Since the beginning of 2010, South Dakota has implemented some fairly strict requirements for procuring a drivers license/ID card. Among other things, one has to provide a birth certificate or equivalent. Anyone who has had a name change (usually married women) have to show the legal documents for the name change(s).
Despite plenty of time, and well-publicized information about the new requirements, a number of people still are not prepared:
Five months after South Dakota implemented more stringent requirements for obtaining or renewing driver’s licenses, many people still are showing up at exam stations without the proper documents, and some even are saying the new policy is unfair to women.
Married women who took their spouse’s name seem to be having an especially difficult time complying with the Division of Motor Vehicles rules, and Karen Henjum of Harrisburg knows that problem firsthand. She had trouble getting her license in February.
“I think it’s discrimination against women. We’re the only ones that have to put up with this,” she said, referring to the fact that fewer men change their names during their lifetime.
State officials said this week that as many as 30 percent of the people seeking a driver’s license or identification card at the DMV are being turned away and told to come back with the proper documents.
I like how something becomes discrimination against women simply because if affects more women than men (for largely cultural reasons). You will forgive me, I trust, if I do not see this as discrimination but rather as the licensing entity attempting to determine if the person really is who she says she is.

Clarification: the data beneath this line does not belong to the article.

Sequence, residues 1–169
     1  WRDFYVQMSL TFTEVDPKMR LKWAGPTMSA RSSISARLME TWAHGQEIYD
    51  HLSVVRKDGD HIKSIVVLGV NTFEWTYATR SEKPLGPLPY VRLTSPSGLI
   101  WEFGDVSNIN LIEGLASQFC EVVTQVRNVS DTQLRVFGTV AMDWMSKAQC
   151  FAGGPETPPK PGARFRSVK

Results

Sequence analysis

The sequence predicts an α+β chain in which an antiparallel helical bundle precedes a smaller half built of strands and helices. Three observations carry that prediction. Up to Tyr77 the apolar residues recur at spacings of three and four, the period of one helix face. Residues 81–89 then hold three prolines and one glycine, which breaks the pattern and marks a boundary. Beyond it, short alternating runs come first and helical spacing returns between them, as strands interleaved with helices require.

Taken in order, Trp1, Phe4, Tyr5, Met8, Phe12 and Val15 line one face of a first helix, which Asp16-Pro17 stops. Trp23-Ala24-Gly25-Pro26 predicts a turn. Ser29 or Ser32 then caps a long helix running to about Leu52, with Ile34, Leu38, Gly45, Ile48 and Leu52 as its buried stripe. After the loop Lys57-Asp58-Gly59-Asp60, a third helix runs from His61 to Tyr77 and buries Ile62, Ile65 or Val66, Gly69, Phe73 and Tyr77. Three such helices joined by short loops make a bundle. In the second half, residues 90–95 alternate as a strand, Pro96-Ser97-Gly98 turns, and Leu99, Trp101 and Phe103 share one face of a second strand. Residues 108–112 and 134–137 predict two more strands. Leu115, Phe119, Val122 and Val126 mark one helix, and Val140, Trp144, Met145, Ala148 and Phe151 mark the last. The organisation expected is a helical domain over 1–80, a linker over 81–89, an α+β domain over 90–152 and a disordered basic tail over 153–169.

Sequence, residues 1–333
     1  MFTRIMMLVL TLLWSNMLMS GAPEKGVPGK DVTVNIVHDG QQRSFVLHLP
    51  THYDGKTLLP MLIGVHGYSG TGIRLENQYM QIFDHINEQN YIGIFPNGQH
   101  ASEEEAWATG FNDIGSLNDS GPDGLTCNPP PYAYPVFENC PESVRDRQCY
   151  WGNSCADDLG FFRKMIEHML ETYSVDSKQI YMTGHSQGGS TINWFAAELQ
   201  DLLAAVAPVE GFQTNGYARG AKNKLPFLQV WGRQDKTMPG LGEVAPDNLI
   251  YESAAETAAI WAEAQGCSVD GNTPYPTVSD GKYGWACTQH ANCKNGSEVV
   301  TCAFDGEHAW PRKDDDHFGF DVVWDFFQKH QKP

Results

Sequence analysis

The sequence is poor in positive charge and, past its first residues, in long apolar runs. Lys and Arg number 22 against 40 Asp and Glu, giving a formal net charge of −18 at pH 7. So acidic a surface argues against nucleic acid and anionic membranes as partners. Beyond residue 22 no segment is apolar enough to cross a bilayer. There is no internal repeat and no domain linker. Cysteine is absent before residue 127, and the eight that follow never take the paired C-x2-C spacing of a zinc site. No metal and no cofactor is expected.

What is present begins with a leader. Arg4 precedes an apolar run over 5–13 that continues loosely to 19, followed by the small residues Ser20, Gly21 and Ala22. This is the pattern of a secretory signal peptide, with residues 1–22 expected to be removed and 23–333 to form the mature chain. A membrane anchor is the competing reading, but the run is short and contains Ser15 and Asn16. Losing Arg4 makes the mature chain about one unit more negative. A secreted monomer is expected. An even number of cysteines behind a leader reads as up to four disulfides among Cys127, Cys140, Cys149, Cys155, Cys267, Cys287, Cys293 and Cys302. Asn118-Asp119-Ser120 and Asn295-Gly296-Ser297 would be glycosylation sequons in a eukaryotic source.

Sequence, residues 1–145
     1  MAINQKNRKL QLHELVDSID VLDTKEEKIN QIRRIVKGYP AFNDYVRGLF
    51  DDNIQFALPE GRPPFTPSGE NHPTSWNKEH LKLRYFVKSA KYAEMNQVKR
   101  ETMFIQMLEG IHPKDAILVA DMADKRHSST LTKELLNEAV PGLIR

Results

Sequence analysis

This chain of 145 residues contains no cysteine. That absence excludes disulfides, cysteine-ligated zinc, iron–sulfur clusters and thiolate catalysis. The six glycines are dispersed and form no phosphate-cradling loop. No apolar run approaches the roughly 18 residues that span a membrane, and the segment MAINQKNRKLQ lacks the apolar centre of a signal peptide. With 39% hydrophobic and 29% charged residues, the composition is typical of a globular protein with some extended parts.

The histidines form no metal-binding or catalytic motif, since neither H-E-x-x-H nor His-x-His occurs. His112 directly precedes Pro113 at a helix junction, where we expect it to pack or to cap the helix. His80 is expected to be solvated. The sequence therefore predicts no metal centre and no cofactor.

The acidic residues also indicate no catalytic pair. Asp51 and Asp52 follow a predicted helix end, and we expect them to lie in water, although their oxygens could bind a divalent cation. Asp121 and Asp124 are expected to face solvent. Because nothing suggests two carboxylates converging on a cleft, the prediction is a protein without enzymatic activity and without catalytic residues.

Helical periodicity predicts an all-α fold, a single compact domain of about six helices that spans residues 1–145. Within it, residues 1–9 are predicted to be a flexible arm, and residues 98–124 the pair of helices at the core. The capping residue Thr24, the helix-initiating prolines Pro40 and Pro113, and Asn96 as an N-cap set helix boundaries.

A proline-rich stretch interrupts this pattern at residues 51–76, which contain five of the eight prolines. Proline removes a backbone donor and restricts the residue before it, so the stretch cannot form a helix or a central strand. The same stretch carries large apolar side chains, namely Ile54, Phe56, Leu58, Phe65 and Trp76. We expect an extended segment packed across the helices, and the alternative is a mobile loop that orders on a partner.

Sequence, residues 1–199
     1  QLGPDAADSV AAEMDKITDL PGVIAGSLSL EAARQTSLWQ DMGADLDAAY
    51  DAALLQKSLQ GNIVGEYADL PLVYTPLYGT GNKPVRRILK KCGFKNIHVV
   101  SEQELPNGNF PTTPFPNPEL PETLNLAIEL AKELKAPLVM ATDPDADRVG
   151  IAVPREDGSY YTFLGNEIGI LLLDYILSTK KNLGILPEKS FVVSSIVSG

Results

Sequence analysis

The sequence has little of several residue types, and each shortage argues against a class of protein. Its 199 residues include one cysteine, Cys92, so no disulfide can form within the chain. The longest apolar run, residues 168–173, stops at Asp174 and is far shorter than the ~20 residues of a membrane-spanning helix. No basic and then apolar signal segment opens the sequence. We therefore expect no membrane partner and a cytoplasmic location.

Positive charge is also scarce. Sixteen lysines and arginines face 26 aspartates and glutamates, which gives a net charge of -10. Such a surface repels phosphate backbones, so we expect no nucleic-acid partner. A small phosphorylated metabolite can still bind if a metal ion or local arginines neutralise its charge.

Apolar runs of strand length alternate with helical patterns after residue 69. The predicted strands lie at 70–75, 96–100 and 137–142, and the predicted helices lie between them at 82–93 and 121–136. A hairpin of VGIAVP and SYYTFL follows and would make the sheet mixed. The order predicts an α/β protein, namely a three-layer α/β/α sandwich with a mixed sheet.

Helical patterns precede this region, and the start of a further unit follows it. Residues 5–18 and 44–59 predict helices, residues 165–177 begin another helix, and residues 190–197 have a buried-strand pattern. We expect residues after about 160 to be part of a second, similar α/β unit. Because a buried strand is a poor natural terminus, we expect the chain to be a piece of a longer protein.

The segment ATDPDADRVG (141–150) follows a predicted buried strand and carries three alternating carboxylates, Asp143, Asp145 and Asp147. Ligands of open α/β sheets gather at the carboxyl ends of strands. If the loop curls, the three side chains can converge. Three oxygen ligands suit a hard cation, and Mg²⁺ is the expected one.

If we are to have license/ID cards which properly reflect our identities for things such as voting, would we not want to ensure that it is difficult to get around the system?
My wife and I both recently renewed our licenses. It took me 17 minutes. It took my wife two tries because she left her marriage certificate home on the first trip. We realized it in the parking lot but knew the fault of forgetting lay entirely with us–and not with a discriminatory practice by the state. After all, we had both read the requirements ahead of time and understood what was required and why.
A little more personal responsibility in meeting these non-onerous requirements might go a very long way.